Installing a Bathroom Vanity Sink


Installing a bathroom sink in a vanity is made easier by the fact that the supply lines and the drain all remain hidden within a cabinet. If the cabinet has no back, simply attach it to the wall so it encloses the plumbing. If the cabinet has a back, you'll need to measure and cut three holes for the two supply lines and the drain.

Choosing a cabinet and top
High-quality vanity cabinets are made of hardwood to resist water damage. Less-expensive cabinets are made of laminated particleboard that quickly disintegrates when it gets wet. A vanity top typically is a single piece comprising the bowl, countertop, and backsplash. Acrylic or plastic vanity tops are inexpensive, but they scratch and stain more easily than other materials.

Prestart Checklist

Two to three hours to install a basic cabinet and vanity top with faucet

Drill, level, hammer, screwdriver, adjustable wrench, groove-joint pliers, basin wrench

Installing a faucet, attaching a P-trap, connecting supply tubes, simple carpentry

Shut off the water and remove the old sink

Vanity cabinet and top, faucet, P-trap, supply tubes that fit the stop valves, plumber's putty, wood shims, screws

Step 1

The stop valves and drainpipe should be in place and close enough together to be enclosed by the cabinet. If your vanity cabinet has a back (many do not), remove the handles from the stop valves. Then measure and cut holes for the drain and the two supply pipes.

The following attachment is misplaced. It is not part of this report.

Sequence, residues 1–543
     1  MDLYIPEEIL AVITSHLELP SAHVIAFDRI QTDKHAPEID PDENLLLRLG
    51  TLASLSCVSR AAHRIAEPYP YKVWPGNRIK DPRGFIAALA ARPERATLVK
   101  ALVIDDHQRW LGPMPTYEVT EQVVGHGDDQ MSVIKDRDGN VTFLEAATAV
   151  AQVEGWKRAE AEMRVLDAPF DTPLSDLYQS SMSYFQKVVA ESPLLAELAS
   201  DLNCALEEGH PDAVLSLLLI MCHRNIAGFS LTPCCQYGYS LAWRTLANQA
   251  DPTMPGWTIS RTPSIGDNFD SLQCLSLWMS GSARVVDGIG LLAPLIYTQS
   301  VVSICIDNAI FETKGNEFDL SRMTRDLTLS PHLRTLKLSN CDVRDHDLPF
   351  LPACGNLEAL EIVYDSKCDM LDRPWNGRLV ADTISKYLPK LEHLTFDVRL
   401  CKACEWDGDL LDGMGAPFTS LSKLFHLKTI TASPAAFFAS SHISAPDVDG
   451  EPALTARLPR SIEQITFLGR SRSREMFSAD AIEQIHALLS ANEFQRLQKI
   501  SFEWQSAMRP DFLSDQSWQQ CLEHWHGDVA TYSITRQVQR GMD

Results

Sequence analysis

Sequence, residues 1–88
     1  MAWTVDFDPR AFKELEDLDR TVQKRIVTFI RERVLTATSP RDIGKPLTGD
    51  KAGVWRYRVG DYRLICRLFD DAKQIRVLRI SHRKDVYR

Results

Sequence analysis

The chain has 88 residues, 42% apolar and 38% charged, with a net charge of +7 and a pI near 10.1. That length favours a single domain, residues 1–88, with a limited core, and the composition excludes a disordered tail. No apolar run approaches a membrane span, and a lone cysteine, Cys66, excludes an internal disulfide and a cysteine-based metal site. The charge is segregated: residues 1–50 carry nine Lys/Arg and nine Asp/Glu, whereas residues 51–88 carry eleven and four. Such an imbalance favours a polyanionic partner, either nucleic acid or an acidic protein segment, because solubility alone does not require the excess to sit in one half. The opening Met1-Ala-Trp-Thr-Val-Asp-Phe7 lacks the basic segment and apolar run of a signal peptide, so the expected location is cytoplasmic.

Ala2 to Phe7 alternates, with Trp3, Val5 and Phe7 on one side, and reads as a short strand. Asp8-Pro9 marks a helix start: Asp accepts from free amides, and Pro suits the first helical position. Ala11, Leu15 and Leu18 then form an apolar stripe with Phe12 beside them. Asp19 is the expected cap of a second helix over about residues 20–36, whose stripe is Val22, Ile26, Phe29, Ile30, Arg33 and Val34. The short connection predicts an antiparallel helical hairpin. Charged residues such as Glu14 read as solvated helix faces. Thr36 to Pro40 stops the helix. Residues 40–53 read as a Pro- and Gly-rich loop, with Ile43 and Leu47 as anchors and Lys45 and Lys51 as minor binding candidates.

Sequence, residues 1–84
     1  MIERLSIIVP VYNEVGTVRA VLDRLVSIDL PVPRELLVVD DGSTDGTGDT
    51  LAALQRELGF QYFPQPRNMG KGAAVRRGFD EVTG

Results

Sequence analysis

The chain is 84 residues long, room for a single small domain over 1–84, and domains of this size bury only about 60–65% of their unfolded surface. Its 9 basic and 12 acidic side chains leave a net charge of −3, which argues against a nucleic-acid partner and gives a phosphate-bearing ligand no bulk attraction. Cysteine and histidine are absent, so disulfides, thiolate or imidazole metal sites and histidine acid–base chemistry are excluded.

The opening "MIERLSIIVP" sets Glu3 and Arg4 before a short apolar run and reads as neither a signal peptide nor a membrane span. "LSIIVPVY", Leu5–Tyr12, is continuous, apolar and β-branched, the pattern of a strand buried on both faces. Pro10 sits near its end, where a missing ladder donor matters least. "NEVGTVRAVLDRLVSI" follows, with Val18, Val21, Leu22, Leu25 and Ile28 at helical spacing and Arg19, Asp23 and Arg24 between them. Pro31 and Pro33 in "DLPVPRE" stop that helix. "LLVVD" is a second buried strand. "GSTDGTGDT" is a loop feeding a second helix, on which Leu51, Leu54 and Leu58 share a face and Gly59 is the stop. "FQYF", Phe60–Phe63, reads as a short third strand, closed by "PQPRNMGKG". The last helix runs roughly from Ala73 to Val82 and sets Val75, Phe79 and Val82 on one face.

Step 2

Slide the cabinet into place and check it for level in both directions. If necessary, slip shims under or behind the cabinet. Drive screws through the cabinet framing into wall studs to secure the cabinet.

Step 3

Set the vanity top upside down on a pair of sawhorses and install the faucet and drain assembly. Check the manufacturer's instructions for details.

Step 4

Set the top onto the cabinet and check that it is centered. Remove it, apply caulk or adhesive along the top edge of the vanity, and reinstall the top.

Step 5

Connect the supply tubes to the stop valves. Connect the trap.

Installing a drop-in sink: Step 1

To install a drop-in self-rimming sink, first install a laminate countertop or, for a tile countertop, plywood and concrete backerboard. Many sinks come with a template for cutting the countertop. Otherwise, turn the sink upside down on the counter and trace the outline of the rim. Draw a line 3/4 inch inside the first line. Cut this second line with a saber saw.

Installing a drop-in sink: Step 2

Plumb the sink (Step 3). Apply a bead of bathtub caulk or a rope of plumber's putty around the hole and set the sink. If the sink doesn't have mounting clips, apply a bead of silicone caulk instead of putty. Set the sink in, wipe away the excess caulk, and wait several hours before attaching the plumbing.

Installing a drop-in sink: Step 3

If your sink has mounting clips, slip several of them in place and turn them sideways so they grab the underside of the counter. Tighten the screws. Attach the supply lines and the drain trap.

Comments (4)
mjklruiz wrote:

I love these directions!

6/27/2010 05:44:21 PM Report Abuse
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